In Rajpur village, just forty kilometers away from the city of Etawah, Uttar Pradesh, a group of farmers has a list of demands for the candidates who come here to solicit votes.
“This is irony,” says 70-year-old Virendra Dubey who turned to organic farming a few years ago, shunning the conventional method to grow crops. “While campaigning, all netas project themselves as farmers and sons of the soil, but they hardly care about our problems,” he laments.
Across the country when the crops fail year after year, farmers are pushed into a vicious cycle of debt. With the rising cost of fertilisers and pesticides, agriculture has become increasingly unsustainable for farmers. Input cost is soaring from 5 to 20 percent annually but the returns remain abysmally low.
So, Virendra Dubey is now encouraging his fellow farmers to use organic methods for agriculture.
“Three years back I said goodbye to costly pesticides and fertilisers and started using cow dung and compost to produce organic manure. This has reduced the cost of production by half,” he explains.
More than 20 families in this area of Chambal, close to Uttar Pradesh-Madhya Pradesh border, have started organic farming in the last few years and Saurabh Singh Chauhan, a young farmer of Gopalpur village, is among those who are spreading awareness about “no chemical farming”.
“As election comes, scores of candidates start flocking the village and make routine promises for road, electricity and water. But, we urgently need to get rid of the debt and costly agriculture. We know we have to find the solution ourselves. No one else will come to help us,” says Saurabh who grows wheat, mustard, pulses and vegetables in his land.
In February this year, central government announced PM Samman Nidhi direct income support to smallholder farmers. Under the scheme, annually Rs. 6,000 is transferred to the account of farmers in three installments. However, farmers in Gopalpura and Rajpur say such help should be provided to support a sustainable way of agriculture, not just as election sops.
As the peasant unrest grew in the last few years and they demonstrated and marched in different parts of country, News18 spoke to farmers in several states who are trying to switch to a safe and sustainable way of agriculture.
Far from Etawah, in the remote villages of Uttarakhand, 48-year-old Hem Pant has also engaged more than 50 families in organic farming. He started in 2003 and today he grows and collects organic produce from scores of villages in the hills.
“We process and package these products and sell them across North India. This is an effective way to help poor farmers. Now they get good price for their produce,” says Pant who runs a cooperative under the name Him Organic.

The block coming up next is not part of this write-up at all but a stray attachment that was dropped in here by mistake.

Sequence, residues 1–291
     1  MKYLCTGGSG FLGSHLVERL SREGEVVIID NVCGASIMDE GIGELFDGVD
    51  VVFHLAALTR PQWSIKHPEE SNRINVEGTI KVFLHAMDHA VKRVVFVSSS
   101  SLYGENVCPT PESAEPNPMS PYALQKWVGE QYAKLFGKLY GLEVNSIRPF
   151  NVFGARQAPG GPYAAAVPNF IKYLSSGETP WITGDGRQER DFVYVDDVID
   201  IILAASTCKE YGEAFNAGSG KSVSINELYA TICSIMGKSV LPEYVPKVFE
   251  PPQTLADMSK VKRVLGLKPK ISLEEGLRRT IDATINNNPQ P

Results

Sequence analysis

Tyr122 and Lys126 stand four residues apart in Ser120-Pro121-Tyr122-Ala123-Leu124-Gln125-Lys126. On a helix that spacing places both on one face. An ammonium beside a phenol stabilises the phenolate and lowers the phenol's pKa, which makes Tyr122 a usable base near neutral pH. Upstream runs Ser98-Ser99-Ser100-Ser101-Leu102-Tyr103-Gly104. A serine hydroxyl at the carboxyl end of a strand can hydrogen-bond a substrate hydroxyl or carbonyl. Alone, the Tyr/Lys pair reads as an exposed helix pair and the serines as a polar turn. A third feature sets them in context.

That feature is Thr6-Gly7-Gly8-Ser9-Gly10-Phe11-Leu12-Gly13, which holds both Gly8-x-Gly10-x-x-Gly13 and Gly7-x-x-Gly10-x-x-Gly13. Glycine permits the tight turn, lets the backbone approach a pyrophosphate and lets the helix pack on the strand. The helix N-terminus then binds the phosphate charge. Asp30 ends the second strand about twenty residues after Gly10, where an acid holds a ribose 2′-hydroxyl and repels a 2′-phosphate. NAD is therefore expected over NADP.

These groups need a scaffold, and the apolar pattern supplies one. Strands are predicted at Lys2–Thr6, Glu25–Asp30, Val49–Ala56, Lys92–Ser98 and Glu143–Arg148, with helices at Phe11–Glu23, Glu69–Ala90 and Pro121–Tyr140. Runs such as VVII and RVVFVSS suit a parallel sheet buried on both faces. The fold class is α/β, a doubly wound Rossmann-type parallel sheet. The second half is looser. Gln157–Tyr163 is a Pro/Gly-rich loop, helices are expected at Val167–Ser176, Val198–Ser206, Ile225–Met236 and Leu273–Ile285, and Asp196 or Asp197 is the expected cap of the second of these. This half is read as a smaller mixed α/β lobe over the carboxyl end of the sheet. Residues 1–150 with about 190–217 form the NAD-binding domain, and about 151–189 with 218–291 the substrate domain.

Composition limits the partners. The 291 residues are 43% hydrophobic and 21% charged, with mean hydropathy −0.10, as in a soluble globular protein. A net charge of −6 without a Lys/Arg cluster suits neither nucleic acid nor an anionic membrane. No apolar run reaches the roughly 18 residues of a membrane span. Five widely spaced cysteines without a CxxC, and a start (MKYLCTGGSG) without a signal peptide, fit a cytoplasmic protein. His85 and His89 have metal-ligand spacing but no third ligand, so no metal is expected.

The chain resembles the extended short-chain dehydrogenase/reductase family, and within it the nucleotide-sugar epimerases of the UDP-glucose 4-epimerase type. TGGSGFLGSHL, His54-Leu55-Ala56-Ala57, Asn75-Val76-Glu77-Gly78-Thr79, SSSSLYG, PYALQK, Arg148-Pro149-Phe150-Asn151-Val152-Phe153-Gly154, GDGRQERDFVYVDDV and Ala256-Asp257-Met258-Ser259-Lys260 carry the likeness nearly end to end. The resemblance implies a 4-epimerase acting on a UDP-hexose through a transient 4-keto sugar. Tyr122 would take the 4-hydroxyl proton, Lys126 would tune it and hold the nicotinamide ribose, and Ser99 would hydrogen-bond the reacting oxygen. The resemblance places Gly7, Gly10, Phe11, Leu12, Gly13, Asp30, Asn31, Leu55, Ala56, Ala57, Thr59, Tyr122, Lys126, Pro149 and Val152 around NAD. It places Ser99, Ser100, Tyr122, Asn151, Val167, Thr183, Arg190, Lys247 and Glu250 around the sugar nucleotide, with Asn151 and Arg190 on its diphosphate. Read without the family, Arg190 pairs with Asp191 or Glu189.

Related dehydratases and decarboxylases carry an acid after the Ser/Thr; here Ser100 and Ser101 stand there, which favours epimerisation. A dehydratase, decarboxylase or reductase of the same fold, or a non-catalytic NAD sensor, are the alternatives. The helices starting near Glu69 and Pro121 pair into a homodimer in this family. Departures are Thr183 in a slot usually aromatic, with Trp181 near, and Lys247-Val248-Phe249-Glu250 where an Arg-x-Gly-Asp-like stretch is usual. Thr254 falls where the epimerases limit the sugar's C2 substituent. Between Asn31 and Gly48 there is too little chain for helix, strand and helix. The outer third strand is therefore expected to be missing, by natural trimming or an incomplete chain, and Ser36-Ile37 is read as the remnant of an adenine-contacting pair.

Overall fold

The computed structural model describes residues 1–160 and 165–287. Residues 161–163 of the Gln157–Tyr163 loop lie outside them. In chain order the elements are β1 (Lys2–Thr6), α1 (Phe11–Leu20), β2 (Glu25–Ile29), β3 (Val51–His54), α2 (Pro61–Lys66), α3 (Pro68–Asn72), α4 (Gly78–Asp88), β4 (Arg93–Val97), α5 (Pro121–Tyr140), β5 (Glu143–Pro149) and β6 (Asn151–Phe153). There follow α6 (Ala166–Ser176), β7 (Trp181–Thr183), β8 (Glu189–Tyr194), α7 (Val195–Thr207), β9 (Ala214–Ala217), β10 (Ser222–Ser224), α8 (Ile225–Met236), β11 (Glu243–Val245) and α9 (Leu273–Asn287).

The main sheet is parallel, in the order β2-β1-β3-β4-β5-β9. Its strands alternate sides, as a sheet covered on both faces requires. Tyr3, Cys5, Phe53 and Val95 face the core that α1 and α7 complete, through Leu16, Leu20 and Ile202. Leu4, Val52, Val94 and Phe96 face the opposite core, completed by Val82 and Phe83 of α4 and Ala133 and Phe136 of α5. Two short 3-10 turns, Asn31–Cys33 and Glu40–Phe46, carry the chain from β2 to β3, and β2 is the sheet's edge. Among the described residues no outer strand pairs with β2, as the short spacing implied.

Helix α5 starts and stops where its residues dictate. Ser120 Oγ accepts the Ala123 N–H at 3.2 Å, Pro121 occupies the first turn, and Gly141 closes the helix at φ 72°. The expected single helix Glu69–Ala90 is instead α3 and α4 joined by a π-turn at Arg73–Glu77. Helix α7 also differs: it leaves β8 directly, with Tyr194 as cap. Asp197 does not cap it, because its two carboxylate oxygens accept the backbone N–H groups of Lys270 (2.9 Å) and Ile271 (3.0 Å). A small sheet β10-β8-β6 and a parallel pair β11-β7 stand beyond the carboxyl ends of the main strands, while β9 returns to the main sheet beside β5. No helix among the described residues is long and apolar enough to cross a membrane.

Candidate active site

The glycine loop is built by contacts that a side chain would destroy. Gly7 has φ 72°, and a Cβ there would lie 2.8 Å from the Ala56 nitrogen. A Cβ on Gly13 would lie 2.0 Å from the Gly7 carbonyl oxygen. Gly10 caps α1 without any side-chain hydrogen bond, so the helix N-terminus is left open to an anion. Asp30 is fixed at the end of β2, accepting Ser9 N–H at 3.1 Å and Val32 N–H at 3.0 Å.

This farmer’s initiative in Bageshwar district of Uttarakhand has already crossed Rs 1.5 crore annual sale and it may cross Rs 5 crore business this year.
Last year, a report by ASSOCHAM said that the organic market is expanding in India and it will touch 12,000 crores by next year. Today, more than 8 lakh farmers are engaged in organic farming, yet the country’s total share is less than 1% of global organic business.
42-year-old Ramesh Bhadu takes us through his 56 acres of Kinnow farms.
Three hundred kilometre away from Delhi in Dhani-Sherawali village of Sirsa district of Haryana, 42-year-old Ramesh Bhadu takes us through his 56 acres of Kinnow (a citrus fruit) farms. Till a few years back, Bhadu would spend as much as Rs 7.5 lakh annually in fertilisers and pesticides but now the things are completely different.
“It is purely organic. I have reduced my cost of farming to one third, since I stopped using chemical fertilisers and pesticides,” says Bhadu who himself is associated with a political party but doesn’t expect netas to help farmers in their woes. “A farmer’s battle is purely his own,” he says laughingly.
But there are hiccups, as well. If the farmers are not educated enough about organic farming, they may get deterred by initial difficulties. The production of crop is less in first two years when one turns to organic and that is a challenge.
“I, too, had a little problem initially but now my profits are much higher and I am happy,” says Bhadu.
“Our politicians can and should learn a lot from these farmers and entrepreneurs. Even smallholder farmers are now understanding the hazards of conventional chemical-based farming and are turning to safe and sustainable way of agriculture,” says Jyoti Awasthi who has provided a platform to more than 100 farmers to sell their products in Delhi NCR under the brand name – Eat Right Basket. “We strive to be fair to both farmers and consumers. We continuously educate our buyers about the hardships farmers face to produce safe food and therefore they should be paid fairly,” adds Awasthi.